The European Commission (EC) gave chipmaker Intel a very hard financial slap on the wrist over its competitive strategies relative to rival chip firm AMD. The size of the fine imposed by the EC is close to $1.5billion and now, like senior management at Microsoft, the bosses at Intel have just felt the sharp bite of the EC’s teeth.
Microsoft was ultimately levied a fine of $1.35billion for anti-trust and anti-competitive behaviour. Of particular interest was that the size of the fine took into account Microsoft’s failure to comply with earlier warnings to put a halt to such business practices.
So, now Intel will need to consider several factors. First, I think it got off fairly lightly with a $1.5billion fine. Under European Law, the EC could have raised it to a figure representing 10% of the company’s annual revenues, whereas the actual fine is closer to 4% of the chipmaker’s revenues.
Second, Microsoft was slow to curb its practices and paid the price. Intel has been told to immediately cease all anti-competitive practices. And unlike the Commission’s action against Microsoft, this time it’s indicated the European Union’s antitrust sanctions would be carried out immediately, rather than being suspended during a protracted appeals process.
All of this sounds fair to me. After all, the EC found that Intel paid computer makers to delay or cancel product built around processors manufactured by AMD. The company also issued rebates to manufacturers and retailers to encourage them to show favoritism toward products containing Intel chips.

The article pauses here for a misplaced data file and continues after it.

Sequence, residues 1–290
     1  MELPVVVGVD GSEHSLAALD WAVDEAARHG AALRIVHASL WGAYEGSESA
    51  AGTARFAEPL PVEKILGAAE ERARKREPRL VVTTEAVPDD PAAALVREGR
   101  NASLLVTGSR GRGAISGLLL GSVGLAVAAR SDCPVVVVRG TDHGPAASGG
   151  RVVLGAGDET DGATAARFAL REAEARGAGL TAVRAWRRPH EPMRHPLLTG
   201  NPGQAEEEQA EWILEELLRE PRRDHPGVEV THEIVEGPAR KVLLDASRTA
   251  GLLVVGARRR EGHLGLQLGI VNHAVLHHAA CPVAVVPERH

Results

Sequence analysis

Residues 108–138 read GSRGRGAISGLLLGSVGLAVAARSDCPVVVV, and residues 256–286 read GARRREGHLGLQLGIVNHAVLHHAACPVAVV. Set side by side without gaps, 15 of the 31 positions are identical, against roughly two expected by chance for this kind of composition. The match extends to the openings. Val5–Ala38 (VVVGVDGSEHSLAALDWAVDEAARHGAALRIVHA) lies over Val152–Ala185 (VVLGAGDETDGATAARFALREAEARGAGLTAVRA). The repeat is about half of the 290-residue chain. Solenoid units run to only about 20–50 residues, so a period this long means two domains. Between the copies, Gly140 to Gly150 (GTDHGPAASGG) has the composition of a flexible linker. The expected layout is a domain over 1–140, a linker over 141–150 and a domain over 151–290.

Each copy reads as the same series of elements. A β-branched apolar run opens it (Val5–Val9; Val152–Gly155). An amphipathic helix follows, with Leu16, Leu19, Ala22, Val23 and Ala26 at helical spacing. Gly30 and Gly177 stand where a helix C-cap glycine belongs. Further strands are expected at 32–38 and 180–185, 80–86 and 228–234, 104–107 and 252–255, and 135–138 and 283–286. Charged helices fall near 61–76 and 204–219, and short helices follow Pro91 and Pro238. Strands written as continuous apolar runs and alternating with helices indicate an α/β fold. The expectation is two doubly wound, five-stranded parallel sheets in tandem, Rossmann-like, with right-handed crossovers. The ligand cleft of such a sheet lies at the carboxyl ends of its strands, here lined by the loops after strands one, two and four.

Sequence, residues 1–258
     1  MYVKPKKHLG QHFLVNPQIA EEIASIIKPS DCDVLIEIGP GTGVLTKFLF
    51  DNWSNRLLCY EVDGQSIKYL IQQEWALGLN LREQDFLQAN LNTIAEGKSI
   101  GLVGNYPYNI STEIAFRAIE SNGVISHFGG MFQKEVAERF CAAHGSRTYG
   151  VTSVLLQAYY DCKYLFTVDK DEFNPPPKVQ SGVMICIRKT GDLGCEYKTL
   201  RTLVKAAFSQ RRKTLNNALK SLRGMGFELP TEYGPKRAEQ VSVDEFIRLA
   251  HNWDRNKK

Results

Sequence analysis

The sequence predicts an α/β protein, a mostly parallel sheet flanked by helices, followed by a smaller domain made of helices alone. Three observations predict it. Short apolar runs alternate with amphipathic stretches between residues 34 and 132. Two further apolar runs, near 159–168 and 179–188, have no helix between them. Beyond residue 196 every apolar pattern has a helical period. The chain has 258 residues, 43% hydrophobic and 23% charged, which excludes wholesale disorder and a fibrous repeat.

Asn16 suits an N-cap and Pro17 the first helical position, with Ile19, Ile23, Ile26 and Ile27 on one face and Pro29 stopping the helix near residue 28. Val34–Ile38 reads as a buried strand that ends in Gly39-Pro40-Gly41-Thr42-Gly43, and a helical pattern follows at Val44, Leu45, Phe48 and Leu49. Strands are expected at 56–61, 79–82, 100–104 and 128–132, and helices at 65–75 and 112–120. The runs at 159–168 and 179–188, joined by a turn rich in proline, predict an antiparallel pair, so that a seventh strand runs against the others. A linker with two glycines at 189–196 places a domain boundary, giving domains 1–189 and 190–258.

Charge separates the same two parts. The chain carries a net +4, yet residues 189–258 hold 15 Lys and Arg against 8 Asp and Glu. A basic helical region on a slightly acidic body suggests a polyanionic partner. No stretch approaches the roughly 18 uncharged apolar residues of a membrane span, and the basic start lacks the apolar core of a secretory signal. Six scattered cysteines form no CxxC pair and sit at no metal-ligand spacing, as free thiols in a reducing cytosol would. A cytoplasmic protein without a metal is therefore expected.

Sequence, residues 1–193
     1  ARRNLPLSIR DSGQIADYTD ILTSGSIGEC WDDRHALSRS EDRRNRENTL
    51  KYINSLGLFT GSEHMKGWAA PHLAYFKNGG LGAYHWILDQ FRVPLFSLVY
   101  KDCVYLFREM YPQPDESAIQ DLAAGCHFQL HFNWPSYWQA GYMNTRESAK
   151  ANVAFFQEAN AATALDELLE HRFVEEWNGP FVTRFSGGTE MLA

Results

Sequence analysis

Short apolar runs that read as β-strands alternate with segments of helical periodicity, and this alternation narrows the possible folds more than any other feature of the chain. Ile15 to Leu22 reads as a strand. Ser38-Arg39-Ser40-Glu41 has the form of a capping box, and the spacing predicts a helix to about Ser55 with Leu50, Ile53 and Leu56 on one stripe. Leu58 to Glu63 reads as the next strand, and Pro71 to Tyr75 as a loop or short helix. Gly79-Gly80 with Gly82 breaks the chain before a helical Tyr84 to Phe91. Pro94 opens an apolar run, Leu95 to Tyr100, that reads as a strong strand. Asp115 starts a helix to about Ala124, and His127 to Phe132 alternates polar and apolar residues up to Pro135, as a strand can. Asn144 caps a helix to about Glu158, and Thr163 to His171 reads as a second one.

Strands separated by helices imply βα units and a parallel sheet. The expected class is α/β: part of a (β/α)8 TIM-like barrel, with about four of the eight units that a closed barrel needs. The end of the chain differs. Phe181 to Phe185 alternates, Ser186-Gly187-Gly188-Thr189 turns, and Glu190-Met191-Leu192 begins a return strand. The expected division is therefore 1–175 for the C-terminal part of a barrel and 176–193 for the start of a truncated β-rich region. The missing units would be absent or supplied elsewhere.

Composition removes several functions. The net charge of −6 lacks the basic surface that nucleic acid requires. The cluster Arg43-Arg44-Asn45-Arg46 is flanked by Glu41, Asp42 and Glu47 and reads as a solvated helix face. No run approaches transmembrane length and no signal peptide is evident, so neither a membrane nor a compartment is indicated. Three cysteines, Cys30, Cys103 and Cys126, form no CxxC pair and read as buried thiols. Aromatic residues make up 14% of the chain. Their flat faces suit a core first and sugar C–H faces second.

The Commission said that computer makers Acer, Dell, HP, Lenovo, and NEC had all been given hidden rebates if they only used Intel chips. Media Saturn, which owns Europe’s biggest consumer electronics retailer Media Markt, was given money in exchange for only selling computers containing Intel processors. Last year, Intel made 80.5% of all the processors used in PCs. AMD’s slice of the pie was 12%.
Not surprisingly Paul Otellini, the chief executive of Intel, said his company took “strong exception” to the decision and would appeal. That aside, the EC has made it abundantly clear that when it comes to huge multi-national organisations trying to freeze out rivals from actively competing in the European market, it will come down hard on them.
For electronic design engineers trying to develop leading-edge products, this has to be a good thing. Rather than being channeled into using a specific set of components, they’re free to select from a wider choice with subsequent price and specification advantages for the end-user. And the long-term effect of such freedom has to be a positive one for the electronics industry as a whole.